There's increasing public discussion about the health risks of chronic insulin resistance* (IR). In many cases there's a focus on high glycemic index foods that "spike" your blood sugar, which implies that a rapid increase in blood glucose is by itself sufficient to contribute to IR.
On the other hand, I've heard the claim that if a person is 1) moderately active, 2) not in caloric surplus, and 3) not already insulin resistant, then they will will quickly clear excess blood glucose by replenishing glycogen or through general energy expenditure. This is claimed to have no effect on IR, even though the individual was temporarily exposed to elevated glucose / insulin.
This leads me to two questions:
1) Is it true that high blood glucose is normalized substantially more rapidly in people who have depleted their glycogen, or who have higher energy needs?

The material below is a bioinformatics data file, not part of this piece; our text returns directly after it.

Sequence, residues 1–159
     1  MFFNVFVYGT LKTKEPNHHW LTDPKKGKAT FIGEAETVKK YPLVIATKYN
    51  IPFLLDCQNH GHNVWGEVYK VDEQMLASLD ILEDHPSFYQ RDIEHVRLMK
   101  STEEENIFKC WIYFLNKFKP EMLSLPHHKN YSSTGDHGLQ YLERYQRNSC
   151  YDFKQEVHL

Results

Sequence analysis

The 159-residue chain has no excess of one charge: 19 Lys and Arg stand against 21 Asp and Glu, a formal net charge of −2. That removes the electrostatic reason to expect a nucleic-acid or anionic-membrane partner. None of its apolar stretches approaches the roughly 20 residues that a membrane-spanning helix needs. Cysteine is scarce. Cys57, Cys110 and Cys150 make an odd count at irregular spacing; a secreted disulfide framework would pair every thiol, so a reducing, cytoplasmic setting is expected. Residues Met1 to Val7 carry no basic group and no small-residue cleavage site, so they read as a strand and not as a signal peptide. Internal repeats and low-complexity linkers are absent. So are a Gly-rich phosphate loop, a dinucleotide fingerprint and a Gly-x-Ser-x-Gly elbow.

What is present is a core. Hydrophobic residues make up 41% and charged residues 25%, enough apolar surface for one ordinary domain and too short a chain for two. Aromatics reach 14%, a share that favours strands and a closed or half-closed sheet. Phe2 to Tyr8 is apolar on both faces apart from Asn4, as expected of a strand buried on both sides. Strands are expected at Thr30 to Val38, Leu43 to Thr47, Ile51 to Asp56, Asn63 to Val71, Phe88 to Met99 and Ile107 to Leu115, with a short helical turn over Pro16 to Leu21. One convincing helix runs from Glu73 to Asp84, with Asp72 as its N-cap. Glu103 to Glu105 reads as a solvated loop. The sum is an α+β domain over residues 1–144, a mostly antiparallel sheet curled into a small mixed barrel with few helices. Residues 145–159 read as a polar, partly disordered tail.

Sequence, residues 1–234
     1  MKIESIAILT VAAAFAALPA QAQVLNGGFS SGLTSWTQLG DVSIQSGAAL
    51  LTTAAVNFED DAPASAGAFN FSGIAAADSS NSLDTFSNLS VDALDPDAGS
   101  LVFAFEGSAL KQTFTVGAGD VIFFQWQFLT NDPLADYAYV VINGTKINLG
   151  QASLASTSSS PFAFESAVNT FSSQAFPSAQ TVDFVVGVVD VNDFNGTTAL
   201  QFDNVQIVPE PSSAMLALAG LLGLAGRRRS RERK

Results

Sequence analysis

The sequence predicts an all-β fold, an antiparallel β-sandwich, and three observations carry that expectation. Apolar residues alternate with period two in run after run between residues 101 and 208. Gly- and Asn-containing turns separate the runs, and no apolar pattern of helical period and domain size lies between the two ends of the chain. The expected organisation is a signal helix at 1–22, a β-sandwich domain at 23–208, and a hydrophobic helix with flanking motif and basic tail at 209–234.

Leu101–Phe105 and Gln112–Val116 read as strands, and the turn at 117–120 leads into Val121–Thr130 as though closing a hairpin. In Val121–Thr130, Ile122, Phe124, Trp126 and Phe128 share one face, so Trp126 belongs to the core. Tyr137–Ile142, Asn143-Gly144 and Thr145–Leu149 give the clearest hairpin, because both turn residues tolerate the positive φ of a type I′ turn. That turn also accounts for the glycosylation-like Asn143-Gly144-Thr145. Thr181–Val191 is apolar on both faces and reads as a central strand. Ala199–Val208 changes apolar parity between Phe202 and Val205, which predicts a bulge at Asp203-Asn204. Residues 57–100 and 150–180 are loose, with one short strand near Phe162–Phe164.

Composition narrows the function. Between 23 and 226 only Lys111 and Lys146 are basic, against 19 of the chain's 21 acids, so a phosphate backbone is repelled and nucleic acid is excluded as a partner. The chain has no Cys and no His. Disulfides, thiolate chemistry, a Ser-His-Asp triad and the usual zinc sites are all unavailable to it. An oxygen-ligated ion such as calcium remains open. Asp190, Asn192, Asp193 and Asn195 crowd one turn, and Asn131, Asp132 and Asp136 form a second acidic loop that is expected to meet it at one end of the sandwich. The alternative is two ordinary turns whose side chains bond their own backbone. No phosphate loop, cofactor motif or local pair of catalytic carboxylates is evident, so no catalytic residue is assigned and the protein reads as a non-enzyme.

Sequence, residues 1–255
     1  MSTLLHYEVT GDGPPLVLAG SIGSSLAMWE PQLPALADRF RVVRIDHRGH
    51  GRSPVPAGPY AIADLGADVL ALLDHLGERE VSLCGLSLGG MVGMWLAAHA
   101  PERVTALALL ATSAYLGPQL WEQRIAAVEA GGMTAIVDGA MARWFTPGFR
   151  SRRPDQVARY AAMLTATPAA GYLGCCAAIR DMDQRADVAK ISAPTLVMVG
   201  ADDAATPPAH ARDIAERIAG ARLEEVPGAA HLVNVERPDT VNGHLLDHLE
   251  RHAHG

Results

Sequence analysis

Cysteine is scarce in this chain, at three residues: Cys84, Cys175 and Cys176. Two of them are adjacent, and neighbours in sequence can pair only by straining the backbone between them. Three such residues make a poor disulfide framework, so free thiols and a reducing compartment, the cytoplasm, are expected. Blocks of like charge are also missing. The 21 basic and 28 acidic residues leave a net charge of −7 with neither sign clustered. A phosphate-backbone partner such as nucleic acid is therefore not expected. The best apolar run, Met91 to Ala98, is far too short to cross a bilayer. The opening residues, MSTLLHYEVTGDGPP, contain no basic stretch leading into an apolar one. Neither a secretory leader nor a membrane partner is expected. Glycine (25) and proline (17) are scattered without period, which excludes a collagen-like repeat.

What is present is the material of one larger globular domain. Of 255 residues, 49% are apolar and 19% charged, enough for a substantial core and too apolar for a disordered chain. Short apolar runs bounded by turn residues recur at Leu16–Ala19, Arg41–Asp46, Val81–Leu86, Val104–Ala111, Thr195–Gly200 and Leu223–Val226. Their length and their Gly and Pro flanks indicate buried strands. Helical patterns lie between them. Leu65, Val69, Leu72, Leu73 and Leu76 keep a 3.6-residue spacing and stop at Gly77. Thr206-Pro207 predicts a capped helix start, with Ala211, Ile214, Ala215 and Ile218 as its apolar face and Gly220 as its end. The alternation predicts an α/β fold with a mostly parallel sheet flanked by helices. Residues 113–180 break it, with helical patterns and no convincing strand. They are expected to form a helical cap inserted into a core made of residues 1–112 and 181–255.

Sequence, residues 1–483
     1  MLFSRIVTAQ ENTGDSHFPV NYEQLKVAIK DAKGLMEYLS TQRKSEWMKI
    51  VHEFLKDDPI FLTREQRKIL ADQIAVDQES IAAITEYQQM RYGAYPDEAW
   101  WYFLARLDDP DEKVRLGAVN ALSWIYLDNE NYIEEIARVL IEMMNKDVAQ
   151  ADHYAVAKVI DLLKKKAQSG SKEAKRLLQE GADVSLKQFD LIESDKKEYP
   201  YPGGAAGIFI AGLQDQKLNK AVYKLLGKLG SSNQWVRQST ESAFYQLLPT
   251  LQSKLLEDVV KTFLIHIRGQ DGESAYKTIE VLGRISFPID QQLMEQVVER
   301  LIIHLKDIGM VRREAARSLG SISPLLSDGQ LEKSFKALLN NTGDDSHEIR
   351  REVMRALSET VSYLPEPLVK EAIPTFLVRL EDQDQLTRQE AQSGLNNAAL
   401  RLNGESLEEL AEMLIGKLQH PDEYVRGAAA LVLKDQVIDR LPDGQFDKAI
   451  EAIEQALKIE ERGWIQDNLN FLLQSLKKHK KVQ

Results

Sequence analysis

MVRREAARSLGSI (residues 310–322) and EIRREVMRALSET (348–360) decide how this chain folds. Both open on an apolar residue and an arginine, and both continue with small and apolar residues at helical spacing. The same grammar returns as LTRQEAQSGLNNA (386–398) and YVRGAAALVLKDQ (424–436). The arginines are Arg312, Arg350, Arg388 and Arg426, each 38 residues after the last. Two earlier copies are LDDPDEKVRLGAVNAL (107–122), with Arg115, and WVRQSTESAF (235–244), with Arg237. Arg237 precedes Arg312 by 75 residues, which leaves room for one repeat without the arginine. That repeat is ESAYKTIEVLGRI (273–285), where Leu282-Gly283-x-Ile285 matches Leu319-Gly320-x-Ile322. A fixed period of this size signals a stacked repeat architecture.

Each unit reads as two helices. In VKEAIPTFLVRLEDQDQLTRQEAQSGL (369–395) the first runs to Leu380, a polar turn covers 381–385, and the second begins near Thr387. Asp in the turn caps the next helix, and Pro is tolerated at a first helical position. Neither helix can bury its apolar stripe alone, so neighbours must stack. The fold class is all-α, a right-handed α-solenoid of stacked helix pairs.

2) Does repeated exposure to high levels of blood glucose contribute to IR by itself, or are high and prolonged levels of blood glucose required?
This has public health implications -- If the "spikes" theory is inaccurate, then glycemic index may not be very important to sufficiently active people**, and low glycemic index meals may not be as helpful as expected for people at risk of developing IR if total glucose exposure is high.
*"chronic insulin resistance" would exclude gestational diabetes and the reversible insulin resistance seen on ketogenic diets.
**For this discussion, let's ignore effects of blood sugar swings on hunger, mood, behavior, etc, since my interest is in the specific physiological triggers for IR.